Monday, July 30, 2007
Jay Brown's Blogs, Law Schools Rankings, and the Race to the Bottom is up on ssrn. This is both an insightful commentary on the role of blogs in legal scholarship and the mechanics of blogging. I think the paper will generate some talk. Professor Brown's abstract reads:
Blogs are changing legal scholarship.
Although not a substitute for the detailed, often intricately
researched analysis contained in law reviews and other scholarly
publications, they fill an important gap in the scholarly continuum.
Blog posts can generate ideas and discussion that can be transformed
into more a systematic and thorough paper or scholarly article. At the
same time, blogs provide a forum for testing ideas once they are
published in more traditional venues.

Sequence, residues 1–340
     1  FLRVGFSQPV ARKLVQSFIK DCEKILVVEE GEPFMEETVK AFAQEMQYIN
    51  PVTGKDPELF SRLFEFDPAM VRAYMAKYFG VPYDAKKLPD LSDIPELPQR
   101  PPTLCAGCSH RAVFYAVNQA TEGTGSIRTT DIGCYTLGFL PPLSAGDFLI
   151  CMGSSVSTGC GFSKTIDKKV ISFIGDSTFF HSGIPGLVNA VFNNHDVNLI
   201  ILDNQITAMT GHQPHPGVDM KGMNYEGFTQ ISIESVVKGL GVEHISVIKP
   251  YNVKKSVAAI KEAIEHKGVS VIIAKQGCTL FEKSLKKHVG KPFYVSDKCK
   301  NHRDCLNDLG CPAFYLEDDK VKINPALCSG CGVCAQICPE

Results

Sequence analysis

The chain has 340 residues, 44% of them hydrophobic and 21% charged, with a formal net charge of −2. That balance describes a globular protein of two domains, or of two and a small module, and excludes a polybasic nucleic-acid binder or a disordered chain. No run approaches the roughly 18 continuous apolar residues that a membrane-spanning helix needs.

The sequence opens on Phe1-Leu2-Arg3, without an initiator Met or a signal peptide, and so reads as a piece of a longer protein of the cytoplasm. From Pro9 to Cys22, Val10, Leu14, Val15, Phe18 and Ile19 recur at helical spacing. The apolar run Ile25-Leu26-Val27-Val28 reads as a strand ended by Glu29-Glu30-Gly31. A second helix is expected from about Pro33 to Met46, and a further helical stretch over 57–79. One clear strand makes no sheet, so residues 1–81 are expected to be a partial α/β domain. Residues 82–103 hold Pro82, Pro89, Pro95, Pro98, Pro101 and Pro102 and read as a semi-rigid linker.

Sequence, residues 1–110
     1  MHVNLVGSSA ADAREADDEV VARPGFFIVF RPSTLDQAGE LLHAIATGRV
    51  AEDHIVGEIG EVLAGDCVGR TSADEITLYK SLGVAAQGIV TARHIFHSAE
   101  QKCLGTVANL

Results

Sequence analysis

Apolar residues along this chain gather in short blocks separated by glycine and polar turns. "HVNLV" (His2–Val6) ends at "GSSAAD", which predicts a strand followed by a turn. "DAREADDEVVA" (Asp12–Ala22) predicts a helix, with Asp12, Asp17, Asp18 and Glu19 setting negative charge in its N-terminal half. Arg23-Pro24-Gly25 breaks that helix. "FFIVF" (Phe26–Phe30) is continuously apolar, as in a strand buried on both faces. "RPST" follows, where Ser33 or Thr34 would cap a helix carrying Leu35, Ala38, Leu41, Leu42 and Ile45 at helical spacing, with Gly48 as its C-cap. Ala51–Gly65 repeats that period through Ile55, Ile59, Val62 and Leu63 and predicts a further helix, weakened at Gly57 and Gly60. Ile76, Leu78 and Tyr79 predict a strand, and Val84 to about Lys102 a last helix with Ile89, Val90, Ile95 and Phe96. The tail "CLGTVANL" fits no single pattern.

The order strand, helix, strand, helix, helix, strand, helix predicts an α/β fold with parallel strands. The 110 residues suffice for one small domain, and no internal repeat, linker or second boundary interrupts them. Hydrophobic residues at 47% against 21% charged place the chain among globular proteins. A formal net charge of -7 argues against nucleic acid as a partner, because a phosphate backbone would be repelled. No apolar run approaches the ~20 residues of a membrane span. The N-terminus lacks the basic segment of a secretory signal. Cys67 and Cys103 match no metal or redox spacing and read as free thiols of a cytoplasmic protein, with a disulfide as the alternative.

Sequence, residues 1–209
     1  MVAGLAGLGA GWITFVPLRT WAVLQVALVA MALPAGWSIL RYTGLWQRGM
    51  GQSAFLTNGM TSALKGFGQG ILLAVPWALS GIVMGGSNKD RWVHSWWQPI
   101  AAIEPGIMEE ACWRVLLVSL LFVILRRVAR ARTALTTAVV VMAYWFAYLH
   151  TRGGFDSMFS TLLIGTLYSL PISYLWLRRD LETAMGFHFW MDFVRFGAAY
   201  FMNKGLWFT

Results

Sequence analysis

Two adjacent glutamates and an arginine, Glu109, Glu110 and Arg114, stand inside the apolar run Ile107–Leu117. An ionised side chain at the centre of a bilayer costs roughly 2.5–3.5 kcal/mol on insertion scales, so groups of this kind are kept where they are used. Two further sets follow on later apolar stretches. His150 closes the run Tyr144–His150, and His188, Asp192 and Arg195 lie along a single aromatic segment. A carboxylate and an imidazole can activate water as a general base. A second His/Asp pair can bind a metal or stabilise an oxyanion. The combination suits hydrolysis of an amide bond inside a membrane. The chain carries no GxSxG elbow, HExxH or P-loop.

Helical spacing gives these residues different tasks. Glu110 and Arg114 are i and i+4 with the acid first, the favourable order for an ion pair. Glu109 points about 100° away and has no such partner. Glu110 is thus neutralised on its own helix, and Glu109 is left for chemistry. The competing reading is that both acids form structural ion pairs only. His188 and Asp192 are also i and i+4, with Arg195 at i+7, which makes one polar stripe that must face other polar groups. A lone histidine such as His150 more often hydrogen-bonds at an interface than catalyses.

While over time, a blog presence will likely become de rigueur for top scholars and law reviews, top tier schools as a group have not yet targeted blogs as a necessary component of scholarly activity. In the short term, therefore, blogs provide unique opportunities for faculty and law schools outside the top tier to enhance their reputational rankings. Blogs can enhance reputation by allowing faculty to route around some of the biases in law review placements and SSRN rankings that favor those at the top tier schools. Blogs also represent a cost effective mechanism for advertising scholarly activity.
The paper discusses the evidence that blogs enhance reputation and surveys the way that scholars at law schools outside the top tier are already harnessing blogs to enhance their reputations. The paper also discusses what it takes to create a successful blog, from the search for content to the benefits of advertising. The paper finishes with a brief history of The Race to the Bottom, a corporate governance blog.
Alfred L. Brophy
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